Not wasting any time after agreeing a deal with RTÉ to succeed Ryan Tubridy as host of the Late Late Show, Patrick Kielty has already set up an Irish-based company — Pamanco Ireland Ltd — with the Nace code “television programming and broadcasting activities”.
The company, which counts Kielty’s UK-based company Boxed Productions Ltd as its shareholder, is presumably the vehicle through which RTÉ will pay him.
As for how much that will be, RTÉ publishes a list of its top 10 on-air earners but it does so retrospectively, usually with a gap of two years, meaning Companies Office documents may give the first indicator of how much RTÉ has had to shell out for his services.
Industry sources say that because UK broadcasting industry rates often skew higher on average than those in the Irish market, and because RTÉ wound up needing Kielty more than Kielty needed RTÉ, he is likely to command a higher sum than the €440,000 Tubridy was paid in 2021 for both the Late Late and his Radio 1 show.
With the Late Late estimated to bring in as much as €6 million a year in advertising, sponsorship and other commercial revenue, angling for more should not have been impossible.
Back in the Noughties, Pat Kenny was paid €900,000 by RTÉ for the Late Late and Today with Pat Kenny, the two-hour mid-morning current affairs show on Radio 1.
In 2011, Tubridy was paid €723,000 for the Late Late and a show on 2fm. Since then, however, his pay has markedly dropped, with RTÉ citing the group-wide collapse in advertising revenues and other financial squeezes upon its operations.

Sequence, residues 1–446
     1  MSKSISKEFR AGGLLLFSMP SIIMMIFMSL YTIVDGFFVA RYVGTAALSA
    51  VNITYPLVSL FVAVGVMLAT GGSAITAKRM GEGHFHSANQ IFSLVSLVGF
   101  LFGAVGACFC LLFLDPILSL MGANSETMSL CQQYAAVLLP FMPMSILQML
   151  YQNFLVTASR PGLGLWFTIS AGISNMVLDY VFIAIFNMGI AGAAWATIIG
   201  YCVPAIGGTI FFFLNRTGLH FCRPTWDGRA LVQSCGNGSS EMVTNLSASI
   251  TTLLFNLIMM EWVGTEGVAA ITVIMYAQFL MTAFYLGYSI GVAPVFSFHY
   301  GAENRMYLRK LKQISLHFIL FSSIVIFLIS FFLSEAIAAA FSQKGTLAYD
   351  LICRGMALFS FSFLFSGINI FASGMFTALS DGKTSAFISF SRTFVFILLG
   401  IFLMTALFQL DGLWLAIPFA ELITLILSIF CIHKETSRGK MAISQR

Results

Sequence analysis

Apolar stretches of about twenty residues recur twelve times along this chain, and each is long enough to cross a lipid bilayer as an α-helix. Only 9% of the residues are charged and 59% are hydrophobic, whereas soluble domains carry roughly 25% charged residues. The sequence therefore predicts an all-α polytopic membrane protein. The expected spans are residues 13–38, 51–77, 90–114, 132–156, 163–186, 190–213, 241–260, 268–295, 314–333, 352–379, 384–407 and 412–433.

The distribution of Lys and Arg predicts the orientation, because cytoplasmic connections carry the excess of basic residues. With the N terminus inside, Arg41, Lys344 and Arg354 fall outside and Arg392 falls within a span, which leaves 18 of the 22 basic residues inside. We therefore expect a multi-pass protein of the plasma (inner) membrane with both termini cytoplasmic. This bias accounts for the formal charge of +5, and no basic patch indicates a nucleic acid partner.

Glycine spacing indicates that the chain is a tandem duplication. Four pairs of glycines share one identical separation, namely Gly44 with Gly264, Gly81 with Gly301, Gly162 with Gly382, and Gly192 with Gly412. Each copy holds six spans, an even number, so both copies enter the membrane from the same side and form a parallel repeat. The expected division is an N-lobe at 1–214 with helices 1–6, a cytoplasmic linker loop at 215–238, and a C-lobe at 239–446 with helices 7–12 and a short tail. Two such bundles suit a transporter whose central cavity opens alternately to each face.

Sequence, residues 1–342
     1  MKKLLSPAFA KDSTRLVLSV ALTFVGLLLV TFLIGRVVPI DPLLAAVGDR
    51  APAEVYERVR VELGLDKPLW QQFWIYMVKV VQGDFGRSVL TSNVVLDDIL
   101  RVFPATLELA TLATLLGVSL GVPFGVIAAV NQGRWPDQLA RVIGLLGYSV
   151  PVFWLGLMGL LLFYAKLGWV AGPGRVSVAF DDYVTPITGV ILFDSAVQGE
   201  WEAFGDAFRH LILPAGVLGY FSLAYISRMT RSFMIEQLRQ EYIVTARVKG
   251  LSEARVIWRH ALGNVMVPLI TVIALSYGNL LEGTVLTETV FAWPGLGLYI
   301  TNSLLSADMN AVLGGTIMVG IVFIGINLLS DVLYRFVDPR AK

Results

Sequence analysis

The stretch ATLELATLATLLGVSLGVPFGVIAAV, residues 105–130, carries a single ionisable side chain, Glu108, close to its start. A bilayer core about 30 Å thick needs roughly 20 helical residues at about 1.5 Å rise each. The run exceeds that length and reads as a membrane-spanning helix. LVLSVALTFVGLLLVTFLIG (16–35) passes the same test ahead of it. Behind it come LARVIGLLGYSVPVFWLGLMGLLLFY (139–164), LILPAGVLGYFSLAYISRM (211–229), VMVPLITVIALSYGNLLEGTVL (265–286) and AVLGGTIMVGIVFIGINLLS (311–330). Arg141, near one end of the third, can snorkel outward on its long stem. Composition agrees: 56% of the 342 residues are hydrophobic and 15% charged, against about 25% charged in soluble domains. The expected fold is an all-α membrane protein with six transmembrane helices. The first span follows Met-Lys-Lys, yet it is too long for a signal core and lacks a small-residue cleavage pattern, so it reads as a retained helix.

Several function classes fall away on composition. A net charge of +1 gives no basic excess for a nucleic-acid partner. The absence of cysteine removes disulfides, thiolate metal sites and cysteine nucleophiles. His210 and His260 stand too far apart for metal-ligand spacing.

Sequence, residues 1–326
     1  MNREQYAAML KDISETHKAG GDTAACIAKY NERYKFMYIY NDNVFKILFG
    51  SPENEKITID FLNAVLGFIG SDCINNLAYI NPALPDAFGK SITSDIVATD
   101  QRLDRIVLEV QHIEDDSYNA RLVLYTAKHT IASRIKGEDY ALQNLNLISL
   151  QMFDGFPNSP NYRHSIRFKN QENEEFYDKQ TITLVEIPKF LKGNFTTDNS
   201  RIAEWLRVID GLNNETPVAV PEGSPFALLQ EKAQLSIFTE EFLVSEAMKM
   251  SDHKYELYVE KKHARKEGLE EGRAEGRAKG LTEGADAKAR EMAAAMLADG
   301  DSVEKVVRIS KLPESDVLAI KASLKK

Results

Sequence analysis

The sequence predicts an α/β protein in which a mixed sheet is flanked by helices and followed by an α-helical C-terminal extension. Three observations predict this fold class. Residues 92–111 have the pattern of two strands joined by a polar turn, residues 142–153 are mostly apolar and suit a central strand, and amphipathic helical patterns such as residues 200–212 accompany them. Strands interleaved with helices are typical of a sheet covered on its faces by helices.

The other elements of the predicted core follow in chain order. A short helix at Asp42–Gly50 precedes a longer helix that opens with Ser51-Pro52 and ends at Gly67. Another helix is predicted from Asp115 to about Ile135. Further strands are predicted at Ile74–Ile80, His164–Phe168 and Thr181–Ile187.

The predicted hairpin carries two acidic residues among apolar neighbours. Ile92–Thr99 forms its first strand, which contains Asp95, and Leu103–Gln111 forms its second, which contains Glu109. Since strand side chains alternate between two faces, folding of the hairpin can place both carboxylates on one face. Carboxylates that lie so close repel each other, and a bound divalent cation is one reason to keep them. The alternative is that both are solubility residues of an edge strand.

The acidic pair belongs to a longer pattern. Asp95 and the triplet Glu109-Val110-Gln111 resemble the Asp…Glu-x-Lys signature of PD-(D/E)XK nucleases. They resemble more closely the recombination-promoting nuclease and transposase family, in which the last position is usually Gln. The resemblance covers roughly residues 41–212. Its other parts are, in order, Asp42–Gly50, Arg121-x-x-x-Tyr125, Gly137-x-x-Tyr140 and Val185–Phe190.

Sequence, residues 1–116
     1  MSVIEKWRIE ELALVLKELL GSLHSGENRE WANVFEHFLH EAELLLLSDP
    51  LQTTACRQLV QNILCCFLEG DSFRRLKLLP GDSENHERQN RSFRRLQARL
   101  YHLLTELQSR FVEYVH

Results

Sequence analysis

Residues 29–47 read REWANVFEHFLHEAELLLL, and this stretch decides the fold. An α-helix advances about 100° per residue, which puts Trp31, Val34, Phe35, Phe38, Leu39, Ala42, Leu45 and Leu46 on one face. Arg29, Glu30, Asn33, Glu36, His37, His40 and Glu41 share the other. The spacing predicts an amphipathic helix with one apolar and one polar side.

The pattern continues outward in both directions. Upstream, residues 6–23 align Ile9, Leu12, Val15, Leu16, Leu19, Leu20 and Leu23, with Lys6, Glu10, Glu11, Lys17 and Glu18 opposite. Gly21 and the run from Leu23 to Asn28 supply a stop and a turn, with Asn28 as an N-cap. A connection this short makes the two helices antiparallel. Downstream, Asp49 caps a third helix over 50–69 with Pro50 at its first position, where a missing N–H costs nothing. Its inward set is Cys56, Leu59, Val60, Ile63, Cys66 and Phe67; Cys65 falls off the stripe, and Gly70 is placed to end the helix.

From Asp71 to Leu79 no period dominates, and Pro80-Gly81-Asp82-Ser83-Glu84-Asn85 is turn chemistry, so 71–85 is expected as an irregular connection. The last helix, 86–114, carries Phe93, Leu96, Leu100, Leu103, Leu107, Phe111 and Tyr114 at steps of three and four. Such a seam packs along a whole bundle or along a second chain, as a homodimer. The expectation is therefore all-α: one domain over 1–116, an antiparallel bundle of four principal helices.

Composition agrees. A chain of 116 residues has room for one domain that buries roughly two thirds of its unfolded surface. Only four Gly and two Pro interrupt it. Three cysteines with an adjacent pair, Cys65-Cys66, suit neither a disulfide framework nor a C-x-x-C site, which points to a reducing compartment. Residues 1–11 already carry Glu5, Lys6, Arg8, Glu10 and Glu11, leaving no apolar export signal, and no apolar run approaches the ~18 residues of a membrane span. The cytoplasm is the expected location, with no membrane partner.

In 2019, when this cash-strapped narrative was to the fore just as Tubridy’s contract was due to be renegotiated, he was paid €495,000, meaning he took a further 11 per cent pay cut between 2019 and 2021.
With the Late Late no longer part of his workload, his pay from RTÉ is likely to fall once more. But it may not be slashed. After all, Radio 1 afternoon presenter Ray D’Arcy was paid €305,000 by RTÉ in 2020 and 2021, a sum for which he did not have to present a television chatshow.
Tubridy will, for now, continue to present the 9am-10am slot on Radio 1, which is the second most listened-to programme on Irish radio behind Morning Ireland, with 335,000 listeners compared to D’Arcy’s 181,000 in the afternoon.
The podcast bubble, meanwhile, has not completely burst. The right deal with the right platform, beyond the confines of Montrose, should allow the broadcaster and author to maintain his earnings, and perhaps even increase them, in his post-Late Late career.